The title adjective is certainly well-chosen in Christopher Nolan’s sequel to “Batman Begins,” his 2005 resuscitation of the DC Comics franchise that had earlier been wrecked by Joel Schumacher’s Las Vegas-style razzmatazz. “The Dark Knight” is one grim and downbeat chapter in the saga of Gotham’s Caped Crusader.

That’s true not only visually—Wally Pfister’s splendidly-judged cinematography gives the images a burnished gray-and-silver sheen, especially appropriate in a movie set mostly at night—but in terms of the themes in the screenplay Nolan wrote with his brother Jonathan. They concentrate on the thin line separating good and evil, light and dark. That’s the thrust of the central battle between billionaire Bruce Wayne (Christian Bale), the ever-more reluctant vigilante trying, in his outlaw fashion, to save the city from its crime lords (while copycats try to follow in his footsteps), and the Joker (Heath Ledger), the war-painted, anarchistic, totally amoral psychopath who embarks on a campaign of mindless destruction and death not so much—as he initially claims—to unmask Batman, but to force his mirror image (“the good freak,” as he puts it) to the dark side too. It’s also the arc in the subsidiary plot centering on crusading D.A. Harvey Dent (Aaron Eckhart), the new romantic interest for Bruce’s true love Rachel Dawes (Maggie Gyllenhaal, replacing Katie Holmes), a man of integrity and dedication whose altruism is tested to the max by the Joker’s machinations. It’s around these four that the other characters circle—Gary Oldman’s straight-arrow Lieutenant (later Commissioner) Gordon, Michael Caine’s avuncular butler Alfred, Morgan Freeman’s smoothly efficient master of weapons technology, Eric Roberts’ nasty mob boss, and a host of others.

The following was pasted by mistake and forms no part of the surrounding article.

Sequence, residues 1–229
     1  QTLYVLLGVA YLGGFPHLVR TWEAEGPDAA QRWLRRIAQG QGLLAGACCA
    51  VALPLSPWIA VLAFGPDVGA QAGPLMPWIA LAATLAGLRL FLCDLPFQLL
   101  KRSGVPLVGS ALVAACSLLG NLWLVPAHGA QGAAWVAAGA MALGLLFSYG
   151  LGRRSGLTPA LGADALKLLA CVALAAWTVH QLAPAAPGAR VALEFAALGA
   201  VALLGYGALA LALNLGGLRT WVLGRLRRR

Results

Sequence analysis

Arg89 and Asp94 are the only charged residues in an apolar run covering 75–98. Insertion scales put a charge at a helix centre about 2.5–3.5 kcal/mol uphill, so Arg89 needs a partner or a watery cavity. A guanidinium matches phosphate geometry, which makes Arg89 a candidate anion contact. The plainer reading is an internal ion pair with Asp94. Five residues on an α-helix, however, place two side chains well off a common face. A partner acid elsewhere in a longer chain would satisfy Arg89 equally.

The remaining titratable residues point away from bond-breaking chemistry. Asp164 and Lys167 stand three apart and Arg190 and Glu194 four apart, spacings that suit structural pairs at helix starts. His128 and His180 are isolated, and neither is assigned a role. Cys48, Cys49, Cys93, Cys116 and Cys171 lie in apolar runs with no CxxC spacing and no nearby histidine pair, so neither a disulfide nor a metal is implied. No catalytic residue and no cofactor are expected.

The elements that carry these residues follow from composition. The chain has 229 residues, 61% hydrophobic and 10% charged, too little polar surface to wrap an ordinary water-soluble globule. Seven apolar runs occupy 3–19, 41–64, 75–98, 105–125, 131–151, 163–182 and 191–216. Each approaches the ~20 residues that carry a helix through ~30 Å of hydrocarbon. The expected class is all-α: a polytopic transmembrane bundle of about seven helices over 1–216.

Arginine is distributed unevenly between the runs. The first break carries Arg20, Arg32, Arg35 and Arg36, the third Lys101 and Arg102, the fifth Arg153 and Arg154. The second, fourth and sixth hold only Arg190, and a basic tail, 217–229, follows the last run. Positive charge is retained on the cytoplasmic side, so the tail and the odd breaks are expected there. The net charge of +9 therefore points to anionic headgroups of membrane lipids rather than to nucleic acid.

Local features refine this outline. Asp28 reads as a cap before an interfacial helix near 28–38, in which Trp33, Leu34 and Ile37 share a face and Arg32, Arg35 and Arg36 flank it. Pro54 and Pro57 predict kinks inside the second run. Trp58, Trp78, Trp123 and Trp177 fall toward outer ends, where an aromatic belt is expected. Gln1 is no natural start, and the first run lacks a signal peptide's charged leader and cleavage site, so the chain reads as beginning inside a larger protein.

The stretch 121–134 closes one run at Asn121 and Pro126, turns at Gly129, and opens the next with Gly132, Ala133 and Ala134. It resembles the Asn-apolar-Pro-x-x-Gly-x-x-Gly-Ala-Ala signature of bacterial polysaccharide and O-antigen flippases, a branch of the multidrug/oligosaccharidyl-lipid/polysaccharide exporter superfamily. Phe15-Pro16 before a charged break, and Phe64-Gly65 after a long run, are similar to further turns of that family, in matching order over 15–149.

They’re all cogs in what might be, without the cowls and greasepaint, another episode of “Mission: Impossible”—not quite a superhero movie (Batman has no special powers, after all), but one about an extraordinary human crime-fighter. And like the first installment in Nolan’s series, it’s mostly a smooth and accomplished piece of filmmaking, not least for Pfister’s sterling images (caught by this writer in their partial Imax form, with six big sequences shot for the oversized screen while the rest of the picture remain in standard widescreen format) and some impressive set-pieces, like an aerial abduction in Hong Kong and a duel between the Batmobile (and later the Batcycle) and an eighteen-wheeler in the city streets, carried off in a way that downplays the CGI pizzazz in favor of a more realistic look. Best of all, it improves on its predecessor by refusing to lead up to one of the splashily interminable finales that most directors feel compelled to feed to audiences in pictures like this nowadays. It ends more quietly and ambiguously, in a spirit of pained resignation rather than simplistic triumph. The only comparable example is in the latest incarnation of the other iconic DC character, “Superman Returns.”